Chevrolet Ute Force bakkies bring 100 000 people permanent fresh water
Chevrolet's Utility bakkies and the Ute Force, the team of skilled professionals completing missions for communities that need them most, have brought permanent fresh water to more than 100 000 people in Mooiplaas, near Pretoria.
The permanent borehole connection was made possible by a team consisting of an electrician, plumber and various skilled workers, along with Chevrolet's utility vehicles which transported critical components, including a 5 000 litre water tank.
“The Chevrolet utilities resurrected an earlier project by Save the Children Fund Gauteng that was never completed due to lack of funds,” says Tim Hendon, Chevrolet brand manager at GM South Africa. “The tragedy of the situation was that the community was attempting to grow its own vegetable crops to support itself and possibly grow a surplus for sale to the local supermarkets. The shortfall in funding meant they were left with a borehole that wasn't connected and so they could not begin to help themselves. That's a cornerstone of the Ute Force campaign; helping people to help themselves.”
The borehole project, Khula Ngwane, signifies that the Ngwane people should develop and help themselves. But without a functioning borehole Mooiplaas residents were walking kilometres to fetch water in plastic containers which they used for themselves and to grow the vegetables in the rocky terrain in the area. They also spent valuable time retrieving water instead of weaving the grass mats that they sell to support themselves.
Save the Children Fund Gauteng's chairperson, Mapitso Malepa, recognised the value that could be gained by adding the finishing touches to the borehole project and contacted Ute Force project producer, Bridget Bolton.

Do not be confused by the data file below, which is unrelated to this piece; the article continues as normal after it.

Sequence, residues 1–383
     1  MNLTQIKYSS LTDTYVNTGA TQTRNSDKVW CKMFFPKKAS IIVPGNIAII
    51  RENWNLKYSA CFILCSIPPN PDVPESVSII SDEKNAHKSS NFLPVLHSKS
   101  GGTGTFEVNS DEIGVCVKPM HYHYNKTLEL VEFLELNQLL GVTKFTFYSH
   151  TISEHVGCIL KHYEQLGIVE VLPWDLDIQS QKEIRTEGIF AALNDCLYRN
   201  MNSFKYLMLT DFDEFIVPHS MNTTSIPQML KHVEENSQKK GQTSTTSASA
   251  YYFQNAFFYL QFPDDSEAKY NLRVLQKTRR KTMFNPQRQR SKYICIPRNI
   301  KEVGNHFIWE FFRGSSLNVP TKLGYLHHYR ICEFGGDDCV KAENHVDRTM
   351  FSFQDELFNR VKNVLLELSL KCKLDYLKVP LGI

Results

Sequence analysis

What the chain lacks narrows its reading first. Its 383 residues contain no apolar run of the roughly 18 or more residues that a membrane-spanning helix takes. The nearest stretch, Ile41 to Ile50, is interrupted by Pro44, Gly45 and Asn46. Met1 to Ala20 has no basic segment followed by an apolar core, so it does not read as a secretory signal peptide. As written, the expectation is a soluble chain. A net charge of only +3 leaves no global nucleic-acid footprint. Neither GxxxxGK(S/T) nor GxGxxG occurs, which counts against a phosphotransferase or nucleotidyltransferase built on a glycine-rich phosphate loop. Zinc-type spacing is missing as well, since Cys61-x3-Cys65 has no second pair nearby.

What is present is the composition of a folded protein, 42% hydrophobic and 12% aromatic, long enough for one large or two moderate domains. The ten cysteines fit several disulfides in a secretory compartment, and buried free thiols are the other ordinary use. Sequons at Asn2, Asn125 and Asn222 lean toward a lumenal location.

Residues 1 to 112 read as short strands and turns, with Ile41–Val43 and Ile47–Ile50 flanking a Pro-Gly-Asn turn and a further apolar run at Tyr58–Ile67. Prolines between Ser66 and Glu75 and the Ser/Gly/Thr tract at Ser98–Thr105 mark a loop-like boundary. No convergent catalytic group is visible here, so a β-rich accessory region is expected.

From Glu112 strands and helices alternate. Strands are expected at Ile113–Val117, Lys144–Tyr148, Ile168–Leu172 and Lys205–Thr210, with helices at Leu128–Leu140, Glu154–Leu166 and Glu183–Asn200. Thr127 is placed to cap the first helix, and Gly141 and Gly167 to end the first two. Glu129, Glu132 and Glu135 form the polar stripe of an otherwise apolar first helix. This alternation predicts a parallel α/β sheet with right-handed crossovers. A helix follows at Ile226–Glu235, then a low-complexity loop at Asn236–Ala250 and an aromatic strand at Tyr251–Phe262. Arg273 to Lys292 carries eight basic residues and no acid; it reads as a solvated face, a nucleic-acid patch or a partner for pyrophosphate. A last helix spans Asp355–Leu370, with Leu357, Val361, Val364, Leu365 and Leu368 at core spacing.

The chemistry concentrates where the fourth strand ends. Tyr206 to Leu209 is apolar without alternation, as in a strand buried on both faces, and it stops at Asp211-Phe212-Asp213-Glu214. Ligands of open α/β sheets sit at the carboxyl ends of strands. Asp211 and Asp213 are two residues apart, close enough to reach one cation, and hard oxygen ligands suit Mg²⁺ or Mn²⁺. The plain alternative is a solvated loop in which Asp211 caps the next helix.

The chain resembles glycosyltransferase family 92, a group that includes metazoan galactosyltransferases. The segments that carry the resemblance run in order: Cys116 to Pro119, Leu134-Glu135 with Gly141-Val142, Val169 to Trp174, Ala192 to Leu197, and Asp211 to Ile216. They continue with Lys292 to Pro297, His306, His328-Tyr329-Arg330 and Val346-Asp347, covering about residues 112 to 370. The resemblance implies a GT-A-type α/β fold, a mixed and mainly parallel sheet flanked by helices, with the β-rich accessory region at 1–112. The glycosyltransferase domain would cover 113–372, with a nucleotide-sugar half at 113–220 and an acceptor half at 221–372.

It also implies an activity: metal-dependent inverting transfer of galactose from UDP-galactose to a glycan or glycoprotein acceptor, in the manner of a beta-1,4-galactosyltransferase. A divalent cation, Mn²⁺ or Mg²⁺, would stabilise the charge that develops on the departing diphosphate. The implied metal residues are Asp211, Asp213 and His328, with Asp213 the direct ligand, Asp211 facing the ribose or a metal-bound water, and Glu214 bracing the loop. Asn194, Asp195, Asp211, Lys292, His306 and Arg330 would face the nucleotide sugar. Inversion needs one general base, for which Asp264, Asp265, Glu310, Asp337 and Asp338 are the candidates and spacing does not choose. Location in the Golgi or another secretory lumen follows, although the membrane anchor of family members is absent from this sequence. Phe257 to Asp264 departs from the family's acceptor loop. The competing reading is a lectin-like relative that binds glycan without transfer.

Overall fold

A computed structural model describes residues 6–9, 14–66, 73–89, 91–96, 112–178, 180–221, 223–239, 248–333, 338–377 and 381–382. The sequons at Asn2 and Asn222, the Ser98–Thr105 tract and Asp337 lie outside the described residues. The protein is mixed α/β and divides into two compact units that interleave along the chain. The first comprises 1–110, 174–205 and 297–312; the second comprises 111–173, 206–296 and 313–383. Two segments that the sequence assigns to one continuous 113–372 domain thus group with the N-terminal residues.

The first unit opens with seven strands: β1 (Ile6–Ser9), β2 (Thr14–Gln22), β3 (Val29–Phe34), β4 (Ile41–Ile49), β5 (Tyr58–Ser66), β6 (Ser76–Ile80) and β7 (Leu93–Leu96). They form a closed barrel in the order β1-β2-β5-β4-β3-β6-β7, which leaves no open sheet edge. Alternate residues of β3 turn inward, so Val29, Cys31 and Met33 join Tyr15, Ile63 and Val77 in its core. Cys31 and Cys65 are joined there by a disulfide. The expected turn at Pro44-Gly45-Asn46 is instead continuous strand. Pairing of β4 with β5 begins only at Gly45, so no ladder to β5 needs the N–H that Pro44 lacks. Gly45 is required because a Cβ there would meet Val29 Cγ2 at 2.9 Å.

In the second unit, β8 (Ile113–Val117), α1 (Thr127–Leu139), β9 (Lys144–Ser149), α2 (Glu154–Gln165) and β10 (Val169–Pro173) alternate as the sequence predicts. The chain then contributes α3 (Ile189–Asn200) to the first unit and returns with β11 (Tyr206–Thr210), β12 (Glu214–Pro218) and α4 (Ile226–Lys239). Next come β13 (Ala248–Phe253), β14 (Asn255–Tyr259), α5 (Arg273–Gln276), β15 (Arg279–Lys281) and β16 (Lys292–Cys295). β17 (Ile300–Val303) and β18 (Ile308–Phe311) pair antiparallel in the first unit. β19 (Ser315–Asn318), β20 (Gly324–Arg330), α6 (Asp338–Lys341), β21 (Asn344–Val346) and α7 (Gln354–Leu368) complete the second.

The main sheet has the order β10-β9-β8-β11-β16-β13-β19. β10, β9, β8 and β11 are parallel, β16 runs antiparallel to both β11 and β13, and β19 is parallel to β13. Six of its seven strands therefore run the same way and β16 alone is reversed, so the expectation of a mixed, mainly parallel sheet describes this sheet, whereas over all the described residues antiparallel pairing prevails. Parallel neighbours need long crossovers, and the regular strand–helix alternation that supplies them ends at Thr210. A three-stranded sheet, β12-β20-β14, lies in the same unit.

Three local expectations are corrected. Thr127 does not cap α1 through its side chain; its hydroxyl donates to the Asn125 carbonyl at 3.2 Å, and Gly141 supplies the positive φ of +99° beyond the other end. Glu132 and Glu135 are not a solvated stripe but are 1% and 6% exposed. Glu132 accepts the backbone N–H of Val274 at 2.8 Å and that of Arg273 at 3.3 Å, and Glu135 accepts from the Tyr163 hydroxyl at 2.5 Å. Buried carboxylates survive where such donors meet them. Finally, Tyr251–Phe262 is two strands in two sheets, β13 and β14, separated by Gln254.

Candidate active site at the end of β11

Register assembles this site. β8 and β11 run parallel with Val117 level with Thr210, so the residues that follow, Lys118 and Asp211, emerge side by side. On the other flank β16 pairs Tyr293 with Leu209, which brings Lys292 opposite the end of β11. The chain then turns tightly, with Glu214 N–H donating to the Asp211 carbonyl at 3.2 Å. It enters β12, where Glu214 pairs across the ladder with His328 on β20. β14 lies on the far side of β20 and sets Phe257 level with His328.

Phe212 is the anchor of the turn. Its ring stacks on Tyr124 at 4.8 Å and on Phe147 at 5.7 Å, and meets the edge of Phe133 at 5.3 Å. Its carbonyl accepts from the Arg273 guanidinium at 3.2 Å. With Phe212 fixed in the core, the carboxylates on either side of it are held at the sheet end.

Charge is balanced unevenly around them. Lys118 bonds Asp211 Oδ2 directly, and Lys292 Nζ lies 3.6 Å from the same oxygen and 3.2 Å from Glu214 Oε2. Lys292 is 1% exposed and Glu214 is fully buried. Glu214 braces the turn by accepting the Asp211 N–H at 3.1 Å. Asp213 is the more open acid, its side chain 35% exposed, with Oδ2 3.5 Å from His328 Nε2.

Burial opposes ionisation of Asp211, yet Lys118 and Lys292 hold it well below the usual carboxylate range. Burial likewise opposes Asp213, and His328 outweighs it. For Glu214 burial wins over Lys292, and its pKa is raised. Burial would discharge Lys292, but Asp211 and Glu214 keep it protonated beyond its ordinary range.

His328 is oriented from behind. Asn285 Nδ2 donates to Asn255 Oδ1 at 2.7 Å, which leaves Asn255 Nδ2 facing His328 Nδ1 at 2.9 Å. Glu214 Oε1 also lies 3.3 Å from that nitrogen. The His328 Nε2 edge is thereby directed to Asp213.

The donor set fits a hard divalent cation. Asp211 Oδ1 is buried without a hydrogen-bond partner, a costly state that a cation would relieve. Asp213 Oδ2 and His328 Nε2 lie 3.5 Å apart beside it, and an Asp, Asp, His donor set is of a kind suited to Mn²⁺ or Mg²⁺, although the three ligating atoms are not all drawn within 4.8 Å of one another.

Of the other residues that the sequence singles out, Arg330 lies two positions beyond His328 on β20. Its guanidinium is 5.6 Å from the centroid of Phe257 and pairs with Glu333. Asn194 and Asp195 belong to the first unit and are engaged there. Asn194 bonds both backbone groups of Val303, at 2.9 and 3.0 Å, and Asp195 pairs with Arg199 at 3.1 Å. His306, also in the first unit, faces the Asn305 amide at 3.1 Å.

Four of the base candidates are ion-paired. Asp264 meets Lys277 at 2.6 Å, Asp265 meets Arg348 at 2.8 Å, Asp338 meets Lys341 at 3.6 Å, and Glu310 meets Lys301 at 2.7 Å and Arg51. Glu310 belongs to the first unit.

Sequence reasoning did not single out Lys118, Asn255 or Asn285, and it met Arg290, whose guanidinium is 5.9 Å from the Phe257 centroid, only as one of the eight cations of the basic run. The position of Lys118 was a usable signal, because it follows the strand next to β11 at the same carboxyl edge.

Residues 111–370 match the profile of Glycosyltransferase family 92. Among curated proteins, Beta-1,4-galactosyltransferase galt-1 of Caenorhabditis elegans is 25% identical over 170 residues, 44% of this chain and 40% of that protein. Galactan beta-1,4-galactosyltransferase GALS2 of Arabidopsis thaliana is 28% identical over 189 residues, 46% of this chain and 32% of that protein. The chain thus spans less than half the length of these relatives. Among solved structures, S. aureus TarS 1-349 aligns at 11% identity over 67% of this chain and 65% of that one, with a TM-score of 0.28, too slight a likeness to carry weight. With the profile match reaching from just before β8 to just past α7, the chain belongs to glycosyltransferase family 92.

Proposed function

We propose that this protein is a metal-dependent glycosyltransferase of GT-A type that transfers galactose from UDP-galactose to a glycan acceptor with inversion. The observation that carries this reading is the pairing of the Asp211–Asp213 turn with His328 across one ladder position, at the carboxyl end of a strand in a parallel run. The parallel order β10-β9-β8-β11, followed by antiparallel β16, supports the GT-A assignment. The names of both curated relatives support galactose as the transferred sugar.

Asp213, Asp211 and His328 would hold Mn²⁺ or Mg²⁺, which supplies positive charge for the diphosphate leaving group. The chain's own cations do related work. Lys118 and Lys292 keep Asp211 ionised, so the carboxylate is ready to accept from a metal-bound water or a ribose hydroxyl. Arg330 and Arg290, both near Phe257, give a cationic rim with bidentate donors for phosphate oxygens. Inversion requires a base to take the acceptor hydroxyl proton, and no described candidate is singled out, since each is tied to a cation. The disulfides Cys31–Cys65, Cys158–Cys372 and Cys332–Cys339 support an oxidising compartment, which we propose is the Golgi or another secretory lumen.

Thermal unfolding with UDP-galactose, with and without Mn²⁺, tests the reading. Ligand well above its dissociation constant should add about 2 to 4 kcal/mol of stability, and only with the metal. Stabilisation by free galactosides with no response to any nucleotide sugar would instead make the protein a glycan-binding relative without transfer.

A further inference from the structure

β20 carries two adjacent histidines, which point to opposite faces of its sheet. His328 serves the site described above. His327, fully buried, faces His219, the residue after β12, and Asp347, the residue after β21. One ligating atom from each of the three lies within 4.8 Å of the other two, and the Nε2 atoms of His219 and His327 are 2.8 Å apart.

“The borehole required an electrical connection, 5 000 litre water tank, and a very high stand to ensure good gravity-fed flow,” says Malepa. “These may be simple items and well within the reach of many of South Africa's companies but the impact their installation has had on the community of Mooiplaas has been significant.”
“The people in Mooiplaas are now able to irrigate their crops,” says Bolton, “and may soon create the surplus crop the local supermarkets have expressed an interest in. There are more than 12 000 households in Mooiplaas with an average of nine people per household, which means that over 100 000 people have benefitted from the role that Chevrolet's utilities were able to play in championing their cause for them.”
Linda Nkosi, resident of Mooiplaas and a local project leader, says that the Khula Ngwane project championed by the Chevrolet bakkies is having a major impact on the lives of Mooiplaas residents, many of whom are women and children.
“They are growing their own vegetables now and they sell some to women who sell them at the roadside,” says Nkosi. “There are supermarkets interested in buying the vegetables, such as SPAR, Pick n Pay, and Fruit & Veg City.”
This is the second project completed by Ute Force following the successful creation of a cricket pitch for Cowan High School in New Brighton in Port Elizabeth. Further projects are planned to be rolled out in the course of the year and all around the country.
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